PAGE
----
A blink of hope for disadvantaged children in Sri Lanka

Established in 1977, our primary objective is to care for needy children under12 years of age and bring them up in a Buddhist environment. 

About Us

Children’s Home in Kandy, Sri Lanka

Singithi Sevana is managed by the Mahanuwara Lamarakshaka Bauddha Samithiya (Kandy Child Protection Buddhist Society).


Admission and release of children is through the state department of Probation & Child Care and the society is an approved charity under the Inland Revenue Act of Sri Lanka (under section 31 (9) a of the Inland Revanue Act No.28 of 1979).

Some Facts About our Children

At present there are 32 children, both boys and girls aged 3-12 years. The children attend the local state schools, Dharmasoka Vidyalaya, Sangamitta Vidyalaya and the nearby Dhaham Pasale (Temple Sunday School). The younger children attend a preschool conducted by a trained preschool teacher that is held within the Home premises.

Extra Help in Education

The children are given extra lessons in English, Mathematics and Music.

Message from the President

Dr Anura DantanarayanaIt is an honour and privilege to be able to publish this message to the website dedicated to Singithi Sevana.

The children at Singithi Sevana are either orphans or from dysfunctional or disadvantaged families sent by the Department of Probation and Childcare Services. The aim of the Singithi Sevana Children’s Home is to provide quality residential care in a loving and safe environment to these children entrusted to us.

The children at the Home are taught at government schools. We also provide additional classes in the subjects of mathematics, science, language, music and dancing.

We are grateful for the funding we receive from the Department of Probation and Childcare Services and also from the state Samurdhi benefits.

Although our mission at Singithi Sevana is a huge task, we always endeavor to do whatever we can to make a small difference in the lives of our children. There is an unimaginable degree of joy in seeing a smile on the face of a child. Hence we always aspire to find ways to ensure that the children at Singithi Sevana are happy and healthy and that a smile is seen on each and every child’s face.

I have no words to thank our volunteers and to those who contribute to the general function of our Home and to the wellbeing of the children.

I personally invite you to help us in carrying out our mission by supporting us in whatever way you can!

Thank you

Dr. Anura Dantanarayana

The Mahanuwara Lamarakshaka Bauddha Samithiya is a society registered with the State and offers residential care for disadvantaged children for the State. Admissions and handing over of children is processed entirely by the Department of Social Welfare, Probation and Child Care Services.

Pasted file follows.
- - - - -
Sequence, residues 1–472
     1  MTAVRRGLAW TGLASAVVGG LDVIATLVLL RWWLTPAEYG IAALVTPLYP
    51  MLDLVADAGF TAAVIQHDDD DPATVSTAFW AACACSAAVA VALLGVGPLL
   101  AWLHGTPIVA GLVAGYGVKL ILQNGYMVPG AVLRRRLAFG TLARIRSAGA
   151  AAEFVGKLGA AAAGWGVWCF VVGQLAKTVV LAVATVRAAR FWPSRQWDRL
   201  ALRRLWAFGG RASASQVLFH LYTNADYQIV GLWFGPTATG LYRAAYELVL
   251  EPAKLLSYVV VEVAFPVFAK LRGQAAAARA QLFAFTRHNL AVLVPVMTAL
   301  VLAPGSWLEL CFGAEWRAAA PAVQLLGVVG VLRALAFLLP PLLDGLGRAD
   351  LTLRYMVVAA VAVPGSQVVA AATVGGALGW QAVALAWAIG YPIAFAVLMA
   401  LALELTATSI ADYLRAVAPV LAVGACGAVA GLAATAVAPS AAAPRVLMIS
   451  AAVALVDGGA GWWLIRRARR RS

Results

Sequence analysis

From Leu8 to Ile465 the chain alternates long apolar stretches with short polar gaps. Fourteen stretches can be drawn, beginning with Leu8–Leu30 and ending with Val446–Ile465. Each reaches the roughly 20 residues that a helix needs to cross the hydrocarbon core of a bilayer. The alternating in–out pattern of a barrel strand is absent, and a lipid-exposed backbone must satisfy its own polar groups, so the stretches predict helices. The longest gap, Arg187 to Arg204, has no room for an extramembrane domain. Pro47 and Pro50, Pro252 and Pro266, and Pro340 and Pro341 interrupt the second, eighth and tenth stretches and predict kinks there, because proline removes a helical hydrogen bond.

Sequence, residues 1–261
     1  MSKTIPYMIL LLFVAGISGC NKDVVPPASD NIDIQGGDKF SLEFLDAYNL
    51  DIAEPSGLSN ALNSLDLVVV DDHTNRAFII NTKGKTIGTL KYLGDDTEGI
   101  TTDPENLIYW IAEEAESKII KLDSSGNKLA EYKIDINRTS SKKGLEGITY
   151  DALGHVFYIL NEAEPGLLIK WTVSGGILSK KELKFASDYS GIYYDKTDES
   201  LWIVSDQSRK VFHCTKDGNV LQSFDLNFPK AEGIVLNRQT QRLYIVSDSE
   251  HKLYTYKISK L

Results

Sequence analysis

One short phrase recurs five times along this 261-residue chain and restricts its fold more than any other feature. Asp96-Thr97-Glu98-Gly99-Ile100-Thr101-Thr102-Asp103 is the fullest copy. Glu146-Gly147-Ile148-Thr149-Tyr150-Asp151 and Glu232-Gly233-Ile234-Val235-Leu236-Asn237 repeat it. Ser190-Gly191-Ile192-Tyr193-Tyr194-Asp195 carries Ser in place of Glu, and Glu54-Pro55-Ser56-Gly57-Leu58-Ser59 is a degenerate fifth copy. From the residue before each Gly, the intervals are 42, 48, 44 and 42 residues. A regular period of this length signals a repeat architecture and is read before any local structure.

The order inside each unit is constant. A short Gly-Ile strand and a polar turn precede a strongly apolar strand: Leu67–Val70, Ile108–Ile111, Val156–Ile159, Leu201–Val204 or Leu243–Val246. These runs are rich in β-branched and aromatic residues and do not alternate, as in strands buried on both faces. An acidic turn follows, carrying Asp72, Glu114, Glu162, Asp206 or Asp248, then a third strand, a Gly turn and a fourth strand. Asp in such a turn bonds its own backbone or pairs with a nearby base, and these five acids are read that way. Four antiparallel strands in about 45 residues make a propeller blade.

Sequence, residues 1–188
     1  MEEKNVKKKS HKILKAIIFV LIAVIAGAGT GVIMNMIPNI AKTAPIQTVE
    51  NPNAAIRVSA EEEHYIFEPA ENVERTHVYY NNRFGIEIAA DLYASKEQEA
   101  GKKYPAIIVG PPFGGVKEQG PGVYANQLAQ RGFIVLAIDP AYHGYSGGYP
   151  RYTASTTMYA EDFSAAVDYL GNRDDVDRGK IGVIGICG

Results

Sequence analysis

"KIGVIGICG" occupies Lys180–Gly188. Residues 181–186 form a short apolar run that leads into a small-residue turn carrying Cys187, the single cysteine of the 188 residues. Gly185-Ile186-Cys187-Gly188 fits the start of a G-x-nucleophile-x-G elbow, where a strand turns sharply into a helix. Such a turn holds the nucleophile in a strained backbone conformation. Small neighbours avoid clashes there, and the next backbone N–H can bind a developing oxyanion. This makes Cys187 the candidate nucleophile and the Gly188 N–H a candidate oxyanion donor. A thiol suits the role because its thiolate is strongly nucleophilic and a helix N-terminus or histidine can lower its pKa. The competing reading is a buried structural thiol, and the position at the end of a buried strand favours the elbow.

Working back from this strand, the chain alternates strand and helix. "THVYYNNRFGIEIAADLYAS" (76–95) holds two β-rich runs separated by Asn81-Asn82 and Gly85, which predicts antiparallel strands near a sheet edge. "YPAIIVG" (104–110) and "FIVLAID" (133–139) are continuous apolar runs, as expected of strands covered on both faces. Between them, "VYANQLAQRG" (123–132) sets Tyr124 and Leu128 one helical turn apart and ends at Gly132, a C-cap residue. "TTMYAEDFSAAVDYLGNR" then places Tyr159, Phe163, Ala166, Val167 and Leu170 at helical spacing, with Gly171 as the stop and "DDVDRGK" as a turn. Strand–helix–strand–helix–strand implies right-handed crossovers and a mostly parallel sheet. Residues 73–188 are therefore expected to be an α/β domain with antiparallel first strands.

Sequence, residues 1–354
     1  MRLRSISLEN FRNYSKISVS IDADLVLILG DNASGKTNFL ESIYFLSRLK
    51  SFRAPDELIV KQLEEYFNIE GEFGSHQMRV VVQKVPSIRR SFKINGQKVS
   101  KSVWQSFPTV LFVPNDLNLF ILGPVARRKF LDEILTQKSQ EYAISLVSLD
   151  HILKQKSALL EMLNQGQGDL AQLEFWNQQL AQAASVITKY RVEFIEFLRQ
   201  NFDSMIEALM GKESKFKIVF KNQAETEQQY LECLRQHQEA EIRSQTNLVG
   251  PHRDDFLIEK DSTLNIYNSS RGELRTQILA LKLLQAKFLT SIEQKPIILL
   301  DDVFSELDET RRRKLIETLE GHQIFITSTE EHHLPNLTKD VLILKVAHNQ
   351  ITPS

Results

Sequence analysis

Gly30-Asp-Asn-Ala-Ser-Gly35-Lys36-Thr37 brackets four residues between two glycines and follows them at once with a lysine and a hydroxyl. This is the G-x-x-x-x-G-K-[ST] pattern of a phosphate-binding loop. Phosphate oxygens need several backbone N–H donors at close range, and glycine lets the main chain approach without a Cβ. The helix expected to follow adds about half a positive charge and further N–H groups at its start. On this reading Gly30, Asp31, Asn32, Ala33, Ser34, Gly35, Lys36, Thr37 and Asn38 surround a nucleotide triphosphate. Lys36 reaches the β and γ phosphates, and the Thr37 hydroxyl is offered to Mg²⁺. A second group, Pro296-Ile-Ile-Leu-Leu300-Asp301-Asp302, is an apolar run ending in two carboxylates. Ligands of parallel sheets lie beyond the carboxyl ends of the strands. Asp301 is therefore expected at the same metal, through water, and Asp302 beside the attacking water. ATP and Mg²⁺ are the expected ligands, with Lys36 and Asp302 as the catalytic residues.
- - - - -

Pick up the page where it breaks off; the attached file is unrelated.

Our History


Forming a society to establish and manage a Children´s Home for needy children was a concept of late Dr. C de S Wijesundera who was then the Consultant Paediatrician at the General Hospital Kandy. He was faced with the problem of abandoned children in the hospital many of whom grew up in the children´s ward care. With Professor Leelananda Prematilleke, the late Venerable Labuduwe Siridamma Thero of the Getembe Temple and other well wishers they formed this society.

Singithi Sevana was established in 1977. Initially, the Home was housed in a rented building. In 1986, the then Diyawadena Nileme (custodian of the Temple of the Tooth, Kandy), Hon. Neranjan Wijeratne, offered the present land on long-term lease and the building programme was launched. In November 1989, the Home shifted to the present premises.

We Take Care

Child Care

Our primary objective is to care for needy children under 12 years of age and bring them up in a Buddhist environment. All admissions and handing over children is done by the state department who review their files for decision making at meetings chaired by them. Orphans are given for adoption through the state system and the other children are either given back to their parent or guardian if the home background is satisfactory and are capable of providing care or else when they reach 12 years are placed in other state registered homes caring for older children. The Home has cared for around 270 children to date.

Several of our orphaned children have been given for adoption through the state system. Initially, the older children were adopted by foreigners mostly Australian. It is with great pleasure that we record that all children given for foreign adoption are leading very successful academic and social lives in their adopted countries and several of them visit Singithi Sevana with their family. However, now there is an increase in demand for adoption locally. All admissions, adoptions and handing over children are carried out by the state department and the society does not entertain any such requests directly.